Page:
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Old 09-16-08, 07:37 AM   #1
Billy Bones
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Heart Zone Training: Two Questions

1. A little context. The Edwards and Reed book has an informative list (page 42) describing what Maximum Heart Rate (MHR) is and is not. One of the list's items is MHR "does not predict athletic performance". As an "owner" of an MHR in the low part of the range I find that statement counter-intuitive. It seems to me that a high MHR (and the athletic ability to get "up there") translates directly to higher blood volume available for exertion and therefore better athletic potential. Can it be right that a low MHR does not condemn its "owner" to low performance?

2. A little more context. There are prescriptions out there one may use to determine individual MHR. Those seem to me redundant for folks who regularly get into "painful" anaerobic zones during sprint intervals, hard hill climbs, etc. Could a valid individual MHR be determined by glancing down and noting the heart rates at these times? Certainly, after several dozen times in the anaerobic range one gets a good estimate of ones MHR. I'll add that try as I might, there are numbers above which I simply cannot achieve.

Grazie mille.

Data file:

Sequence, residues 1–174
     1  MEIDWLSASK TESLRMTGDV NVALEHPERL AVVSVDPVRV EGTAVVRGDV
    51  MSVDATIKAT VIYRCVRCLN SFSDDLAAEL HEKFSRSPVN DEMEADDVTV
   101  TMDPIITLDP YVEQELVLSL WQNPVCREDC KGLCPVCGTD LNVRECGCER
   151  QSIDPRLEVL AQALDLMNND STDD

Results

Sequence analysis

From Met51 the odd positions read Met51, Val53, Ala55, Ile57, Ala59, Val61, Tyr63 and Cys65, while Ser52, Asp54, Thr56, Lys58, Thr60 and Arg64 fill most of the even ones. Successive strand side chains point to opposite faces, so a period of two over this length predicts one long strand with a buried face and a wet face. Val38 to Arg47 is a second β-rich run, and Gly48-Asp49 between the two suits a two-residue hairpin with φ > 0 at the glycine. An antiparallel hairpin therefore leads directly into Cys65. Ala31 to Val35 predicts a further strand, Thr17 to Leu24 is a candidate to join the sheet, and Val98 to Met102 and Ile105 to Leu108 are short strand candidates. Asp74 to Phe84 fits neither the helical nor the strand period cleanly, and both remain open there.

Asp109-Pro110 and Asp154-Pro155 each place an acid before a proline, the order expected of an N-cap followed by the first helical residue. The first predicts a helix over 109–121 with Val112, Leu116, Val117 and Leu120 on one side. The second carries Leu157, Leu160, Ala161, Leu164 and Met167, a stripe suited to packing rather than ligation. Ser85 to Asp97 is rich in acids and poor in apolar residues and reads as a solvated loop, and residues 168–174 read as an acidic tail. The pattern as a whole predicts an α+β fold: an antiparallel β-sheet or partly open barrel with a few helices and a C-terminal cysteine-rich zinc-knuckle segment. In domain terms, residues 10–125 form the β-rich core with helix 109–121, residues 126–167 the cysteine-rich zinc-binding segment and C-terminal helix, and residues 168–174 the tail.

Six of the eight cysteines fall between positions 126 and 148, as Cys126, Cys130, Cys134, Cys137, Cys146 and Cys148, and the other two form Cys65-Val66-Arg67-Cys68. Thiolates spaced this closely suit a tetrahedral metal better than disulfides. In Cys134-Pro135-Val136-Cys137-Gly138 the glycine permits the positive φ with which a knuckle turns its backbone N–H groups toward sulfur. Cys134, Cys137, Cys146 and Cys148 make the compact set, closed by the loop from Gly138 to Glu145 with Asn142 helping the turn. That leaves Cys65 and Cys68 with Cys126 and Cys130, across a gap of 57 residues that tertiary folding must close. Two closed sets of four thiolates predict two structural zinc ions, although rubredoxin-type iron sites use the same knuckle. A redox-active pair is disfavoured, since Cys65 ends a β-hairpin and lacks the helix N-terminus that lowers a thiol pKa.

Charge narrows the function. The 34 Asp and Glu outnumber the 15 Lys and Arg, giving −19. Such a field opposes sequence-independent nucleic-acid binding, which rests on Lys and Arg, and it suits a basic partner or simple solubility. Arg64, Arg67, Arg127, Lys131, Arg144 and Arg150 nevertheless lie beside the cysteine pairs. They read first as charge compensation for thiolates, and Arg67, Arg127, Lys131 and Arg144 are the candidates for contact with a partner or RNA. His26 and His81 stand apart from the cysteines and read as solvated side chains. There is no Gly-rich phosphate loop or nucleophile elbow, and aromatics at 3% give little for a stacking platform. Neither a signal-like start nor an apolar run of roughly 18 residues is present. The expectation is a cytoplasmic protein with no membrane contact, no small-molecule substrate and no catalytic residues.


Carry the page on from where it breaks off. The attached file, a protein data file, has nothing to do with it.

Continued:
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Old 09-16-08, 08:03 AM   #2
ottsville
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1. MHR does not necessarily = greater volume of blood flow compared to other people. Volume of blood per heartbeat comes into play for that...and is different for everybody.
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It seems to me that a high MHR (and the athletic ability to get "up there") translates directly to higher blood volume available for exertion and therefore better athletic potential.
The ability to do MORE WORK(power output) at LOWER HEARTRATES is more important than the ability to hit maxHR.

2. Going anearobic does not necessarily equal maxHR.

You are better off determining LT and using that to set training zones.
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Old 09-17-08, 07:35 AM   #3
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I am not a very strong rider, yet I have a high MHR. I'm in my 50's and this past Saturday I hit a heart rate of 180 and still had something left in the tank. Several years ago I hit 184 and thought this was my max. I no longer think 184 is my max. Its something higher.
My lactate threshold is around 166-167 and that's what I've been using to base my training on.

BTW, Edwards book got me started on learning how to train better.
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Old 09-17-08, 09:26 AM   #4
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1+ on the Edwards book. It has provided me another outlook on training, some insight on the physiology of fitness, and a gratefully accepted solution to the boredom/burnout issue.

Thanks folks. Looks like I have some work to do on my MHR measurement.
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